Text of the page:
Some utility companies offer Time of Use (TOU) pricing where electricity costs more during peak demand hours and less during off-peak hours. While TOU rates can be beneficial for preserving energy and saving costs, they might be less effective for households with limited flexibility in terms of when they can use electricity.

Some households, such as those with specific work schedules or medical needs, might find it challenging to shift their electricity usage to off-peak hours. Being mindful throughout your day of when you use any electricity-intensive appliances can lead to noticeable savings.

User Behavioural Patterns

Personal habits can also contribute to higher electricity bills. For instance, leaving lights on when not needed, taking long showers, or running the dishwasher with only a few items inside can all add up over time.

Households also may need to adjust their behaviour and take advantage of lower rates during off-peak hours. For example, you might wait to do laundry, dishwashing, and other electricity-intensive tasks until off-peak periods.

Average Electricity Consumption for BC Homes

Chart showing Average Electricity Consumption in British Columbia, Canada.
Table from BC Hydro Average Consumption for homes in BC

Electricity consumption is measured using an electricity meter and in kilowatt-hours (kWh), the most common unit to measure and bill electricity consumed.

A kilowatt is made up of 1,000 watts, therefore, one kilowatt-hour = 1,000 watts of electricity used for one hour.

Ways to Save Electricity and Energy at Home

Improving energy efficiency is a crucial focus in BC, benefiting households, businesses, and institutions. It also helps them to save money, enhance competitiveness, and enhance overall quality of life.

Here are some ways that you can save energy at home.

Get A Home Energy Monitor

Option to get a home energy monitor from BC Hydro offers real-time insights into your electricity usage. The monitor helps to identify energy-wasting habits and appliances. By tracking consumption patterns, setting goals, and making informed adjustments, you can reduce energy waste and lower electricity costs.

Install Energy-Efficient Windows & Doors

Installing energy-efficient windows and doors offers improved comfort by stabilizing indoor temperatures and reducing drafts. This upgrade lowers energy bills through reduced heating and cooling costs. It also provides environmental benefits by decreasing greenhouse gas emissions.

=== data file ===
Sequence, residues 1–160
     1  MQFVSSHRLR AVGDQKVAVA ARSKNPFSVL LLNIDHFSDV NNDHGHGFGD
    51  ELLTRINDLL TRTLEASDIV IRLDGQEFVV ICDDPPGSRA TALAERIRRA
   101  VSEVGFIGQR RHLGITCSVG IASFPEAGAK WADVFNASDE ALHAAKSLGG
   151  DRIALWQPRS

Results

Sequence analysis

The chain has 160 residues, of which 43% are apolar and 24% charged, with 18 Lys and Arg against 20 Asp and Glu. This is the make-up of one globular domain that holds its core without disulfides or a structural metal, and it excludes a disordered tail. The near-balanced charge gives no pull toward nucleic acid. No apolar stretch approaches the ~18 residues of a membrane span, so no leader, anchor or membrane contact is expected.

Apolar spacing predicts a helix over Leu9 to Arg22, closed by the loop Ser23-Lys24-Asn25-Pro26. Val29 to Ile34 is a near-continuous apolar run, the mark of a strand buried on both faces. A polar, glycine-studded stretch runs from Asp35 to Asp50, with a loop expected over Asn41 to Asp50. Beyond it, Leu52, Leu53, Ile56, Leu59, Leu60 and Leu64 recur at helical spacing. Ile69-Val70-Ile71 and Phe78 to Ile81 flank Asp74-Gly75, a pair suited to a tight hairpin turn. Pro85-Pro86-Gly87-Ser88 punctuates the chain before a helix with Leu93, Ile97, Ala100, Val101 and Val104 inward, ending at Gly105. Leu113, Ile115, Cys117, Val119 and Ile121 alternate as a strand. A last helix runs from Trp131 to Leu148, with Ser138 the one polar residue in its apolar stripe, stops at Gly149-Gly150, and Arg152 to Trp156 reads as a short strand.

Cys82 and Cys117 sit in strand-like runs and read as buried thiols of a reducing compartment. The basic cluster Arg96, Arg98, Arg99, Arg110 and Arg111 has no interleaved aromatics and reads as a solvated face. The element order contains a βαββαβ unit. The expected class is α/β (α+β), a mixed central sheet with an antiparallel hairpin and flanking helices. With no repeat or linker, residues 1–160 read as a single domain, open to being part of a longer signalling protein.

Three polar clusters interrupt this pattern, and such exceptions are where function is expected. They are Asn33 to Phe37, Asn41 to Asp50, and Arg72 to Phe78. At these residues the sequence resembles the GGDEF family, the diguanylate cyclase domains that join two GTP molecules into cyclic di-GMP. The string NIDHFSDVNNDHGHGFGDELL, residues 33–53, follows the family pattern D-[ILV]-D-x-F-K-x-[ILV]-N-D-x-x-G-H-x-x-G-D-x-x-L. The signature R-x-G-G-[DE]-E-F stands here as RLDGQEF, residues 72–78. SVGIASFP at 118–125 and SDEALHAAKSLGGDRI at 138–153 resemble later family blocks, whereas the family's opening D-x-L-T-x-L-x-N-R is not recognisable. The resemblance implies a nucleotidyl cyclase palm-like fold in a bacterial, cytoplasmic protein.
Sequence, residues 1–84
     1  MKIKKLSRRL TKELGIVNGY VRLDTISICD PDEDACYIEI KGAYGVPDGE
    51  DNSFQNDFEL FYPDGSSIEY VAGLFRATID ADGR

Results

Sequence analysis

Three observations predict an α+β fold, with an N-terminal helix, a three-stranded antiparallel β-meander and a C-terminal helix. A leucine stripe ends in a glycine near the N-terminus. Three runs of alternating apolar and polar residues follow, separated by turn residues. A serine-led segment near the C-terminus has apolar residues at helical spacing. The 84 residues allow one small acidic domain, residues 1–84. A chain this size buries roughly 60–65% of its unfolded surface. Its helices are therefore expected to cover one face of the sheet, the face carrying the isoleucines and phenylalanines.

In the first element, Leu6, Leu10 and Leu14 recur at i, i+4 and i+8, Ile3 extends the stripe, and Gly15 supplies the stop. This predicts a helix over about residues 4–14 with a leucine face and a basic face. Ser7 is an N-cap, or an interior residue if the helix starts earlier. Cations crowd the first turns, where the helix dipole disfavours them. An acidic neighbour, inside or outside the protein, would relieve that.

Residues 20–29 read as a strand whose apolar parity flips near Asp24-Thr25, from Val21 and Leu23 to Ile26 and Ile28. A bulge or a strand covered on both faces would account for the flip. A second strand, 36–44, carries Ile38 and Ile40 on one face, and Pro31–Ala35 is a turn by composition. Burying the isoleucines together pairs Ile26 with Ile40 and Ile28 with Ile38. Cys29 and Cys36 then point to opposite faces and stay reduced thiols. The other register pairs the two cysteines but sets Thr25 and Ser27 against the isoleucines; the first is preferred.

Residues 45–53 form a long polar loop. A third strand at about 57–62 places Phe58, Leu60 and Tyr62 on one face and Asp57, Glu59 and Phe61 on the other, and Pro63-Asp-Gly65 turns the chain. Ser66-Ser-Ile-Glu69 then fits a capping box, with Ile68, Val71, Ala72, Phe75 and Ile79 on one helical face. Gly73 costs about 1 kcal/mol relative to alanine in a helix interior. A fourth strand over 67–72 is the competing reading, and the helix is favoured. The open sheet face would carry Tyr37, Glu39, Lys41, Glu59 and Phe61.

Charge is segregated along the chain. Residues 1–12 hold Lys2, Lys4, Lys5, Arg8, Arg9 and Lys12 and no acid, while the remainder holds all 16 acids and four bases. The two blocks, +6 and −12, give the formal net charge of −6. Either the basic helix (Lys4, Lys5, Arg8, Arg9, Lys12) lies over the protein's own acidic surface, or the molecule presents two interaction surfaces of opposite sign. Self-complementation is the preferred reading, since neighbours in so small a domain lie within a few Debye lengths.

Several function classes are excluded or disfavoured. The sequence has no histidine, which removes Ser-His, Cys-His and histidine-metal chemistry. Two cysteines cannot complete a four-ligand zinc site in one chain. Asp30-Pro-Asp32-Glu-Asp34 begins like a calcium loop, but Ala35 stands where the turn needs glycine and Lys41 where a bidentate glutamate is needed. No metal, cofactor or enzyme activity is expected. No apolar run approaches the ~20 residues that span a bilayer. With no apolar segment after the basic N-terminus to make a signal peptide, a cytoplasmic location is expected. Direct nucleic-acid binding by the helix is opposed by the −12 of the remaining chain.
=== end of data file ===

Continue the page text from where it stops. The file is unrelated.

Thinking of Your Devices

Whenever possible, unplug your electronic devices when they are not in use. Use multiple-plug power strips to easily cut off power to multiple devices. You can also ensure that energy-efficient settings are switched on for your devices.

Consider whether you need certain devices to be in standby mode all the time. For instance, unplug chargers when not actively charging a device. Visit BC Hydro for more energy-saving tips and technologies.

Summary – Why Is My Electric Bill So High?

In summary, the high electricity bills that many British Columbia residents have can be attributed to two primary things:

  • The cost of building and maintaining BC’s energy resources. This includes hydroelectricity, natural gas, and renewables and the intricate transmission network that spans the vast geography of our province.
  • Household habits, such as leaving lights and devices powered on or using non-energy-efficient appliances.

As British Columbia continues its commitment to sustainable energy and efficient consumption, households have the power to take control of their electricity use and expenses through informed energy choices.

From the impact of weather conditions to optimizing home size and insulation, we can all do our part. We can also embrace energy-efficient products and appliances and stay vigilant about standby power consumption. BC residents and households can make a huge impact on their electricity bills and contribute to a more sustainable and energy-efficient future for British Columbia.

About Premium Electric

Serving the Fraser Valley and the Greater Vancouver Regional District, Abbotsford’s Premium Electric operates 24/7. Our certified and fully bonded electricians are here to help whether you need a residential electrician or electrical services for your commercial or industrial project.

From electrical repairs and troubleshooting to installations and electrical inspections, we can help no matter how big or small your electrical problem may be. We also provide businesses and commercial clients with regular electrical maintenance services.

If you still have questions about why your electric bill is so high, or looking for answers to other electricity questions, please talk to us.

You can call us at 604-308-6195, send us an email or get in touch through our online contact us page.